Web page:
Id. at 569-70 (other citations omitted).3  Because of these economic reasons, the Council shifted to a concept of jurisdiction based on “employment principally localized” (now “localized principally”) in the District of Columbia;  and in Hughes, we affirmed the agency's decision that employment was not primarily localized in the District where the employee “worked approximately 60% to 70% of his time in Virginia although he worked in the District of Columbia and Maryland at times.”  Id. at 568. Thus, for jurisdictional purposes, the WCA no longer had “the widest extraterritorial application coverage possible consistent with the Due Process Clause of the Constitution,” id. at 569, but reached only those claims where the employment was localized principally in the District.   To assist in determining whether employment was principally localized in the District, the Director of DOES adopted a test based on the Model Compensation Act. The test, which we concluded was reasonable, required a focus on:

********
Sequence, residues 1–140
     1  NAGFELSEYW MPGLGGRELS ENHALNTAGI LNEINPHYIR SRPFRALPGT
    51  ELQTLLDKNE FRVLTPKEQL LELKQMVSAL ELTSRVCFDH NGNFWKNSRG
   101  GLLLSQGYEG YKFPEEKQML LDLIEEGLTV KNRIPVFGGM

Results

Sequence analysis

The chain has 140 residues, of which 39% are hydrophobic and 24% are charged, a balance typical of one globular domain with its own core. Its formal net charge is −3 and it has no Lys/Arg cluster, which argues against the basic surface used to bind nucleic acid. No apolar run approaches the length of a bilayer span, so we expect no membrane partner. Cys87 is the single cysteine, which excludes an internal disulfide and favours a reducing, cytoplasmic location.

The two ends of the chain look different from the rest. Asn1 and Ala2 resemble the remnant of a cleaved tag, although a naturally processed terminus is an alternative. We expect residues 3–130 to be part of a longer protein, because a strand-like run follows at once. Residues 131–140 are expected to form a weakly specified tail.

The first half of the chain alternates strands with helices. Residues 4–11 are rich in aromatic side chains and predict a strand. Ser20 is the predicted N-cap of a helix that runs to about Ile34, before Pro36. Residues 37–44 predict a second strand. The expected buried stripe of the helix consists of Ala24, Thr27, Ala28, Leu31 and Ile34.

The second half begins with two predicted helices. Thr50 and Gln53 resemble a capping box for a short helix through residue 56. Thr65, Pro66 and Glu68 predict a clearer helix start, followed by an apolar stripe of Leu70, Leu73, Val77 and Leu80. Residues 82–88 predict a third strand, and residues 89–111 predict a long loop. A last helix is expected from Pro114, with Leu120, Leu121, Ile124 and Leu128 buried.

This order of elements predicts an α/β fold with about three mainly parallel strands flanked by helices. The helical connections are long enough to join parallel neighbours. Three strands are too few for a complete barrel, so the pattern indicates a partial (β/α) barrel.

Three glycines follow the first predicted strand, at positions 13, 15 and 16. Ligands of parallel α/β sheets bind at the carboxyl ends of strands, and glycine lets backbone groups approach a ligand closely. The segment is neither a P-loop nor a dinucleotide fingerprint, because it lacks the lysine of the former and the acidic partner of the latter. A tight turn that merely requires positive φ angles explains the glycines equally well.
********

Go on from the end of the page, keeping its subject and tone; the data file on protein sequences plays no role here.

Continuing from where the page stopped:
1) The place(s) of the employer's business office(s) or facility(ies) at which or from which the employee performs the principal service(s) for which he was hired;  or

2) If there is no such office or facility at which the employee works, the employee's residence, the place where the contract is made and the place of performance;  or

3) If neither (1) nor (2) is applicable, the employee's base of operations.

Id. at 569.

We re-visited the Director's test for ascertaining whether employment is principally localized in the District in Petrilli v. District of Columbia Dep't of Employment Servs., 509 A.2d 629 (D.C.1986).   We regarded the “employment relationship” as “a set of substantial and legitimate contacts between the employment and the District.”  Id. at 632 (footnote omitted).   We said that:  “Analysis of the work relationship permits the agency to examine significant contacts besides work activity in the District to deem whether contacts with the District are more substantial than those involving other jurisdictions.”  Id. at 632 n. 5. Significantly, we declared: